Plot: What’s it about?
Jo Stockton (Audrey Hepburn) is just a bookstore clerk right now, but she has some ideas that could take her beyond her simple means. She has some radical ideas in fact and time, she seeks to spread her ideas and also meet with those who inspired her. The main goal she has is to meet with the founder of a strange philosophy called empathicalism, which involves total rejection of all material goods. But her earnings don’t amount to much and since the founder lives in Paris, she has a long road ahead of her in order to reach her goals. The road will soon be a little smoother however, when photographer Dick Avery (Fred Astaire) enters the scene and changes her life forever. Avery takes pictures for a famous fashion magazine and is looking for his newest cover girl, which just might be Jo Stockton. Of course, this kind of clashes with Jo’s ideals and such, but since the deal includes a trek to Paris, it might be pretty hard for her to decline…
I can’t say that I like all of her movies, but I do like all the performances of Audrey Hepburn. This disc is part of Paramount’s Audrey Hepburn Collection, which is a series I am very much pleased to see and couldn’t wait to make my way through, of course. As usual, Hepburn steals this one and even with other dynamic elements present, she shines above them all to remain the focus. As she falls in love, she takes us with her and that ensures that the emotion is solid, which is an important factor in this kind of flick. She is joined on screen by such folks as Fred Astaire, Michel Auclair, and Kay Thompson, all of whom seem in fine enough form. This has musical elements of course, which are very well done and add a lot of fun to the picture, even non musical fans will find a lot to like with Funny Face’s numbers. I wouldn’t call this a deep film by any means, but it satisfied in all respects and is a real treat to watch, which is enough and then some. I am very pleased to own this delightful movie on our format of choice and as such, I issue a strong recommendation for this disc, even if a little lax on extras.
As is usually the case in her films, Audrey Hepburn is the main focus here and once again, she simply shines in her performance. In this picture, she is able to showcase her usual skills, but also show off her lesser seen talents, very cool indeed. Here she is able to sing and dance a little, which she did so well in stage productions, but wasn’t able to do all the time in her feature films. And of course, she delivers on all counts with yet another superb turn, almost flawless in all respects. Her charms seem in full form in Funny Face and the deeper in love she falls, the more graceful and likable her character becomes. She is helped out by a more than solid supporting cast, but I think she takes the spotlight and deserves every second of it. You can also see Hepburn in such pictures as War and Peace, Sabrina, The Unforgiven, How To Steal A Million, My Fair Lady, and Two For The Road. The cast here also includes Fred Astaire (Royal Wedding, Daddy Long Legs), Robert Flemyng (The 39 Steps, Blackmailed), Kay Thompson (The Kid From Brooklyn), and Michel Auclair (The Swashbuckler, The Beautiful Prisoner).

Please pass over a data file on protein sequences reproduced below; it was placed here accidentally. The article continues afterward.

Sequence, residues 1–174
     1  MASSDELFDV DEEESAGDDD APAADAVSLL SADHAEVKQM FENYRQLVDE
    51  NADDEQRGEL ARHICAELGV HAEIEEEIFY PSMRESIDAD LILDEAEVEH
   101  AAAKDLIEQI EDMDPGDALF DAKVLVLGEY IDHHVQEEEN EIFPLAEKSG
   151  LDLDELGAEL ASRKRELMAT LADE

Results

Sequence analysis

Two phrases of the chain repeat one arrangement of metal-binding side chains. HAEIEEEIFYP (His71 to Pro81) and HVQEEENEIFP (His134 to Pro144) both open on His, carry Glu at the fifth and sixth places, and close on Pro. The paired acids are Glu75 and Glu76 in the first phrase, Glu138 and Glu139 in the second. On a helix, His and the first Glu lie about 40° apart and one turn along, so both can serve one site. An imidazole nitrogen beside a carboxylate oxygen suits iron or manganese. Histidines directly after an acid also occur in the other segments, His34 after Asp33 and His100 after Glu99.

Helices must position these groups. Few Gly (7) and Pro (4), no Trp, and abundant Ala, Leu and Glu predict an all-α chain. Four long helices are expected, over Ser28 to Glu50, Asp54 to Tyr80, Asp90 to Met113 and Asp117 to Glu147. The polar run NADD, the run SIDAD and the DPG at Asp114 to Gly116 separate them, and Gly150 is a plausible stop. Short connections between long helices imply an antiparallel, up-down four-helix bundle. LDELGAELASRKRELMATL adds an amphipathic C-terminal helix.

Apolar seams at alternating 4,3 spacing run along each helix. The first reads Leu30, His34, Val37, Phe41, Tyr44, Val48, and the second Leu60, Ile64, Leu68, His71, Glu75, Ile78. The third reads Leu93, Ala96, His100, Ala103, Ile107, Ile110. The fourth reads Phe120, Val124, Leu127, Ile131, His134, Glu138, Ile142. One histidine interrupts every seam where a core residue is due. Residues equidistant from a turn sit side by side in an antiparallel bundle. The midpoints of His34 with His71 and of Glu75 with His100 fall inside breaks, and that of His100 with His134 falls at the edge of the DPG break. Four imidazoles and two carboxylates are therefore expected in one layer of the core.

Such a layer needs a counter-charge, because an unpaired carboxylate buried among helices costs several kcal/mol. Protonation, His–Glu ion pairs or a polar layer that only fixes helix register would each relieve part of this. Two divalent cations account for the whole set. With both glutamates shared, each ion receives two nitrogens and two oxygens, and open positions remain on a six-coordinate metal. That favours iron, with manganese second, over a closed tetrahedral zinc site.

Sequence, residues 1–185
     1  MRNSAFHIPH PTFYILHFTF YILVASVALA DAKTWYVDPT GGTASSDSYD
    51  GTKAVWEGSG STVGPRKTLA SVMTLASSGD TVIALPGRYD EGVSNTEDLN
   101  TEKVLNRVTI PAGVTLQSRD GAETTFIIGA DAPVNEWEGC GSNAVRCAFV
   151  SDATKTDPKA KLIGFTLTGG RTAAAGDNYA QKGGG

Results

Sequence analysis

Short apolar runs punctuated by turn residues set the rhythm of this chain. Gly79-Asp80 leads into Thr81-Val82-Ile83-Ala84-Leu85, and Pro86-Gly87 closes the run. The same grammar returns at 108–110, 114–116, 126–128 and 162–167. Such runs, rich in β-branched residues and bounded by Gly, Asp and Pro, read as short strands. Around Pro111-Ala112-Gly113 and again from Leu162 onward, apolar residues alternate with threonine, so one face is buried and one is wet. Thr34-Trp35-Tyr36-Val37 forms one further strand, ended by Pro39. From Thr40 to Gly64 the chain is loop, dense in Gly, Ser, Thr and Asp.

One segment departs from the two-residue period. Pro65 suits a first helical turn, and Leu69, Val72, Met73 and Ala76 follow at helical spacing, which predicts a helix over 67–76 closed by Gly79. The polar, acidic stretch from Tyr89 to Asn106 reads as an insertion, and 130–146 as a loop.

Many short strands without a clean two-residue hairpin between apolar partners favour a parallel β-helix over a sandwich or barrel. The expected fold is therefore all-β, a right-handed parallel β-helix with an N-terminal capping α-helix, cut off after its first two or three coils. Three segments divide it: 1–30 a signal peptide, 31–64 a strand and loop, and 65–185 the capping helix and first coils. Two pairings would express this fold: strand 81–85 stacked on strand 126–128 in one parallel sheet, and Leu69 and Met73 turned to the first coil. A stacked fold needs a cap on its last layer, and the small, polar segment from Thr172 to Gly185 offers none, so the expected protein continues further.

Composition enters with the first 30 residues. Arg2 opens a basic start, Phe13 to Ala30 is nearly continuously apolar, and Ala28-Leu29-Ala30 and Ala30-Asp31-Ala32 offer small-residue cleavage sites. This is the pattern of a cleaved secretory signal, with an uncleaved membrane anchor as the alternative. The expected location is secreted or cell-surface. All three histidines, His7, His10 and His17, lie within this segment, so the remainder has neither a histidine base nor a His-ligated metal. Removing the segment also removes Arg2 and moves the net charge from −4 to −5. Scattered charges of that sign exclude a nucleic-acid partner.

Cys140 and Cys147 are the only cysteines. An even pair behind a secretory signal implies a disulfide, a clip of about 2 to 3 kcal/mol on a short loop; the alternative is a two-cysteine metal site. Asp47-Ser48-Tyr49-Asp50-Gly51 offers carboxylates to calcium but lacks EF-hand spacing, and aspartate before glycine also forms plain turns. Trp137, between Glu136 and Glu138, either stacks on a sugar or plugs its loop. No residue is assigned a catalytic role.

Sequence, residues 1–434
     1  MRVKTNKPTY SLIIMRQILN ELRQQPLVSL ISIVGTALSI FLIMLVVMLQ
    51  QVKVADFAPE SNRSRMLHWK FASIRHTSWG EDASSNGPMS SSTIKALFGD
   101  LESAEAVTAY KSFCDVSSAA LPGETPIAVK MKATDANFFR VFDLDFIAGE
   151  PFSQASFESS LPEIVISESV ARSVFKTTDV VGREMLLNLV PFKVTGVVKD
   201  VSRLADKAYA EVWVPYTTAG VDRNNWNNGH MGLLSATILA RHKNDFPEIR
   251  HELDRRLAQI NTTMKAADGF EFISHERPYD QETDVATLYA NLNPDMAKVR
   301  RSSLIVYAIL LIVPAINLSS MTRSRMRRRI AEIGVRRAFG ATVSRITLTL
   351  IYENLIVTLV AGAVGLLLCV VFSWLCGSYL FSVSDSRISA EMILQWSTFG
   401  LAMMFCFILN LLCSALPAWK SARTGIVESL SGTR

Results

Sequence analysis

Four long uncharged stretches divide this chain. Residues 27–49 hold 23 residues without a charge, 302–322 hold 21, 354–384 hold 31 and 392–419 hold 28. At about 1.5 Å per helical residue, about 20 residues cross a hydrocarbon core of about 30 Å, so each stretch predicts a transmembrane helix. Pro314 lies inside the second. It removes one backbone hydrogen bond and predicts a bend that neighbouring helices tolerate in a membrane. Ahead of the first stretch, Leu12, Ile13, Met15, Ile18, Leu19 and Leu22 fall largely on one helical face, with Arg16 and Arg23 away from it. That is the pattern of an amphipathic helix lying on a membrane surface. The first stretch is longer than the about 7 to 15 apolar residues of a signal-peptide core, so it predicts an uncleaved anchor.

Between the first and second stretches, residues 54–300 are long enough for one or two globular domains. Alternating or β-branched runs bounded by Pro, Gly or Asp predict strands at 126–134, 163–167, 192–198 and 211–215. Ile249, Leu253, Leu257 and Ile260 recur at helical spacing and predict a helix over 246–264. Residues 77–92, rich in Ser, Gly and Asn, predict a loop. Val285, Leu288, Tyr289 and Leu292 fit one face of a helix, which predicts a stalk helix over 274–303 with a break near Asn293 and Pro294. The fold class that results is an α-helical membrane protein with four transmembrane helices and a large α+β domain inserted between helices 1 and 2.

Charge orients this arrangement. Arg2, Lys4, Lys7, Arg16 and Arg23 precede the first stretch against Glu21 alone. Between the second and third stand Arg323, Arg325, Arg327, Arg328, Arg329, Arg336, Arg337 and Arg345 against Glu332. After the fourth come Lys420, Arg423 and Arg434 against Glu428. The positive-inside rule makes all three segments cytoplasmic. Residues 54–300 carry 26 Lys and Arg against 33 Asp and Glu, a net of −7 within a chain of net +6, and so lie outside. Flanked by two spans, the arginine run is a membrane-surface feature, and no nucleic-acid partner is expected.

Video: How does it look?
Funny Face is presented in a 1.85:1 anamorphic widescreen transfer. This flick uses some offbeat visual techniques, some of which have held up well and some of which now show signs of age, which is not good. The intentional soft focus sequences look solid, but even hazier than ever, which could throw off some new viewers. The intense colors look more vivid than I expected, but do show some pulses at times, although not much in the end. I saw no contrast problems either, but there is more than a little edge enhancement present and that lessens the visual experience. This is not the visual presentation I would have liked to own, but this is the finest home video edition I’ve seen, so I am giving it good marks.
Audio: How does it sound?
As they often do, Paramount has included a new Dolby Digital 5.1 track here, which enhances the musical scenes more than a little. Of course, this movie doesn’t have the kind of potential in terms of audio as more modern flicks, but there’s some life in this mix and it shows here. I found this to be a very natural sounding experience, which is good, since some of these older remixes can have a hollow texture to them. The musical pieces sound superb in this mix, much more alive than expected and very effective in the end. No issues with the vocals either, all the dialogue is very clean and always at a proper volume balance. This disc also includes French and English mono options, as well as English subtitles.
Supplements: What are the extras?
This disc includes a selection of still photos, the film’s theatrical trailer, and Paramount In The ’50s, a retrospective featurette. This piece is not specific to this film, but it does add some value to this disc and fans of movies from this era should give it a look.